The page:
Tuesday, December 18, 2007

Hajj Intimidating for Secular Reporter

Muslims perform noon prayers around the holy Kaaba inside the Grand Mosque in Mecca, Saudi Arabia, Sunday, Dec. 16, 2007. (AP Photo/Hasan Sarbakhshian)
Muslims perform noon prayers around the holy Kaaba inside the Grand Mosque in Mecca, Saudi Arabia, Sunday, Dec. 16, 2007.
(AP Photo/Hasan Sarbakhshian)

The Associated Press
Monday, December 17, 2007; 6:13 PM

MECCA, Saudi Arabia -- Performing the hajj, the annual Muslim pilgrimage more ancient than Islam itself, is complicated and confusing even for those well-versed in Islam _ so it's particularly intimidating for someone who's hardly religious.

As a secular journalist covering this central pillar of Islam, which began Monday, I am determined to go through the rites with an open mind.

A major hurdle is learning what to do. Before leaving my hotel in Jiddah for the holy city of Mecca, I took the first required steps. I bathed and put on the special clothes of a woman performing hajj: a long white head scarf, a long shirt, a pair of loose pants and a white robe to my ankles.

My colleague, AP Television News cameraman Imad Saeid, coached me through the next step: announcing my intention to perform the pilgrimage. I repeated after him the formula proclaiming the start of my journey, "Labeik, Allahuma, labeik" _ "I am here at Your service, Lord, I am here."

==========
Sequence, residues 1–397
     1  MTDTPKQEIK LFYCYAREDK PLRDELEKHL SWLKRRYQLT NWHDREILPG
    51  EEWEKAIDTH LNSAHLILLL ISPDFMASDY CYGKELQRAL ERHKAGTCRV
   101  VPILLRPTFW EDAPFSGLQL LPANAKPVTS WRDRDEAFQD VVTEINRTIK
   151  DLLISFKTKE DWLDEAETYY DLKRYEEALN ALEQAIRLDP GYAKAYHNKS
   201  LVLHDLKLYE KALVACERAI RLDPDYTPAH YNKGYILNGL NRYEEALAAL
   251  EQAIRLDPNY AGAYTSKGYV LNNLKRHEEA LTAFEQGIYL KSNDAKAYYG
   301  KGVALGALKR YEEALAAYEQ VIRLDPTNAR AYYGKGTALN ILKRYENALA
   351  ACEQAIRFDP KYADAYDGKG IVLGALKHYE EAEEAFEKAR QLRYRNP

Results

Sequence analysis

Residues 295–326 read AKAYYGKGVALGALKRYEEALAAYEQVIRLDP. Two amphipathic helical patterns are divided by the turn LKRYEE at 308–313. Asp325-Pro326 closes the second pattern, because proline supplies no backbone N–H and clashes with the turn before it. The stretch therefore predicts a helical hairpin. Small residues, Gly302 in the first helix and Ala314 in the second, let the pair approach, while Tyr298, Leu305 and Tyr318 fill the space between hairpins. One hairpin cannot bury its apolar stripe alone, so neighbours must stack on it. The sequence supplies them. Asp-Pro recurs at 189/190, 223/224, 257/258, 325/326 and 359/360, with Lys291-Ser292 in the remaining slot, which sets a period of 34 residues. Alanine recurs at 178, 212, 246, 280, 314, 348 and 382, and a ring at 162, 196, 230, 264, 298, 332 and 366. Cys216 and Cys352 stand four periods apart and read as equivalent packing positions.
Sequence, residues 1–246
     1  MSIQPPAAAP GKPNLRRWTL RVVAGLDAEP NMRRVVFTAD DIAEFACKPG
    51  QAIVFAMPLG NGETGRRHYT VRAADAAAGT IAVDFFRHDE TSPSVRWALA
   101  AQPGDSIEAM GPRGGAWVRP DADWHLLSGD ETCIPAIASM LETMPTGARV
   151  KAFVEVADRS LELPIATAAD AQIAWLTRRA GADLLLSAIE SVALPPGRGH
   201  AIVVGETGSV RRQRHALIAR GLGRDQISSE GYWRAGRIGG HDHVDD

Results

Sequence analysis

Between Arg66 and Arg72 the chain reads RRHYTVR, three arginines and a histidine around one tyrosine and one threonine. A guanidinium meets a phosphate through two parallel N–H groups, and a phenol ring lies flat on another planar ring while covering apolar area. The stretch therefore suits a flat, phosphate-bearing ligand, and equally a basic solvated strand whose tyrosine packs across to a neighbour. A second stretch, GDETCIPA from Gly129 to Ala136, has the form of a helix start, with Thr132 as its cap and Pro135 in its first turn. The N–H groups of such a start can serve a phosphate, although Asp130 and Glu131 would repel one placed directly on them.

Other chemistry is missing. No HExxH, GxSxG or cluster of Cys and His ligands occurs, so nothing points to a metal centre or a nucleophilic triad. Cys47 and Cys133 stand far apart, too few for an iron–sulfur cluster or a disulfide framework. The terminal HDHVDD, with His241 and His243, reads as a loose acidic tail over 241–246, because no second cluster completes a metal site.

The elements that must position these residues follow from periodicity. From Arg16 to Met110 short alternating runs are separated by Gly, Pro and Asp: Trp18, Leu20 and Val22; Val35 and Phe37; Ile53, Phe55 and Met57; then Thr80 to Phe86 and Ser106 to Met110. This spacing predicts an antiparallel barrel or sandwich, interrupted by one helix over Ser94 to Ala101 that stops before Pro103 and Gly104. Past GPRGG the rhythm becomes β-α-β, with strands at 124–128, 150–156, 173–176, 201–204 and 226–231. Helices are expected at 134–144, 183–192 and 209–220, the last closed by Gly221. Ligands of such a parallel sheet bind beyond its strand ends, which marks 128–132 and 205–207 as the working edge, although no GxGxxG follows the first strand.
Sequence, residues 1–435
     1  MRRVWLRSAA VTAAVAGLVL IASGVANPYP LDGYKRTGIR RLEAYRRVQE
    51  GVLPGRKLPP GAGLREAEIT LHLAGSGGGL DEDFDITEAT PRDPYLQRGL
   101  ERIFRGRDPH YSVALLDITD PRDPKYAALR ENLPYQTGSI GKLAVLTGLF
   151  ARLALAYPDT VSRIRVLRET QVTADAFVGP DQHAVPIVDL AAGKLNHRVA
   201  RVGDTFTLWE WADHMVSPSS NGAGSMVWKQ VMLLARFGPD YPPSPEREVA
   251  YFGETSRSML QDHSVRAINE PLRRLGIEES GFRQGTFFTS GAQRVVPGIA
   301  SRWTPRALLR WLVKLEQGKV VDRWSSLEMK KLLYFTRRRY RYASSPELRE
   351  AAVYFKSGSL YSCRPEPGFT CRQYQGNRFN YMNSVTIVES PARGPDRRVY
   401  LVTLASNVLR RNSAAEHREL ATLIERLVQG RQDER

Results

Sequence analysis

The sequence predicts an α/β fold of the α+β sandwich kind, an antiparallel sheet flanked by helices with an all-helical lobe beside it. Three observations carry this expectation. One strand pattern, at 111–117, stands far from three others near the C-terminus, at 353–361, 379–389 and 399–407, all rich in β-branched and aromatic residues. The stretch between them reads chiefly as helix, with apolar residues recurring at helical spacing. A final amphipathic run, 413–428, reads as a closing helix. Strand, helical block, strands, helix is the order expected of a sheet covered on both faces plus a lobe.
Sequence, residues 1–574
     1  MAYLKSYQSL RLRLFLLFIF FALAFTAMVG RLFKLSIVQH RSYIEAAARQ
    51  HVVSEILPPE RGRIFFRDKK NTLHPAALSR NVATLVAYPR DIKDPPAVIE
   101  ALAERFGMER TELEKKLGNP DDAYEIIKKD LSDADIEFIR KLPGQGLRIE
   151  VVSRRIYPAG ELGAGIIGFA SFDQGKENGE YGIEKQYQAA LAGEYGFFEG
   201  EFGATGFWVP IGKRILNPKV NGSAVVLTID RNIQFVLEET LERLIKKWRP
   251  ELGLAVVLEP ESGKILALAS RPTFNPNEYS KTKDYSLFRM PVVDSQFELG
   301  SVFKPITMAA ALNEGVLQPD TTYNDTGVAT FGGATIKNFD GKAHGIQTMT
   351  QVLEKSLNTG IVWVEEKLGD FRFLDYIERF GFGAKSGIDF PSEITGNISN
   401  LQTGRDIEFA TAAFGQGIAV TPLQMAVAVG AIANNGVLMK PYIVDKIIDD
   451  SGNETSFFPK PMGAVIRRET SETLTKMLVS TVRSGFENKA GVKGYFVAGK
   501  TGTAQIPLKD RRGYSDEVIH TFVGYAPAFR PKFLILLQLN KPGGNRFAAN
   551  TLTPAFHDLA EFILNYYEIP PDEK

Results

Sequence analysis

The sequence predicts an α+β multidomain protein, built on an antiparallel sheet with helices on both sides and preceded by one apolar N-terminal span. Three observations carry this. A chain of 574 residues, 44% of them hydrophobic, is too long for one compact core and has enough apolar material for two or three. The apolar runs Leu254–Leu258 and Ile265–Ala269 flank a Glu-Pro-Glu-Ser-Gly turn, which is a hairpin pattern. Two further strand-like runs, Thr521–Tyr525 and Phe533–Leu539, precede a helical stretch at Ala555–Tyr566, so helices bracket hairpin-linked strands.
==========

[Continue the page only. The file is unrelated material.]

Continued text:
During the drive Sunday through the desert to Mecca _ the birthplace of Islam's Prophet Muhammad, about 50 miles east of Jiddah _ the rest of The Associated Press team gave me a crash course on the rituals, starting with the Kaaba, the black cube-shaped stone shrine that pilgrims circle seven times at the start and end of the hajj.

APTN's Mokhtar Shehada, an Egyptian, wondered if he had to make amends for being aggressive the previous day to a pilgrim who pushed him as he was circling the Kaaba. Hajj rules warn against arguing or fighting during the five-day pilgrimage. Shehada stressed that he had already apologized to the pilgrim.

Our guide from the Saudi Information Ministry, Mansour al-Sibiyani, told Shehada he should check with a cleric about whether he should pay for a goat to be slaughtered and given to the poor, a common penance for mistakes during the rites.

In Mecca, we hit crowds: Hundreds of thousands of pilgrims massed around the Grand Mosque housing the Kaaba. Saudi officials said Monday some 2.5 million Muslims from around the world are attending this year's hajj, along with a half-million Saudis.

The mass of humanity is awe-inspiring _ and that is part of the point. The hajj is a deeply personal rite for the faithful, a chance to get closer to God, walk in the footsteps of Muhammad and Abraham and receive the forgiveness of sins. But it is also a communal experience, a symbol of the unity of the Islamic world.

"It is amazing to see Muslims united, No other activity in the world could bring so many people together for the same purpose, not even a rock band group," said Eulalle Benichou, a Canadian pilgrim walking with her husband near the Grand Mosque.

Many pilgrims talk of the physical arduousness of hajj as a test of faith. But, as I found, it also makes keeping your mind on faith difficult.

I stopped to perform the noon prayers at the gate of the Grand Mosque, standing shoulder to shoulder with other women and with men in the "ihram" _ the required garb for male pilgrims, white pieces of terrycloth, one around the waist, another slung over the shoulder.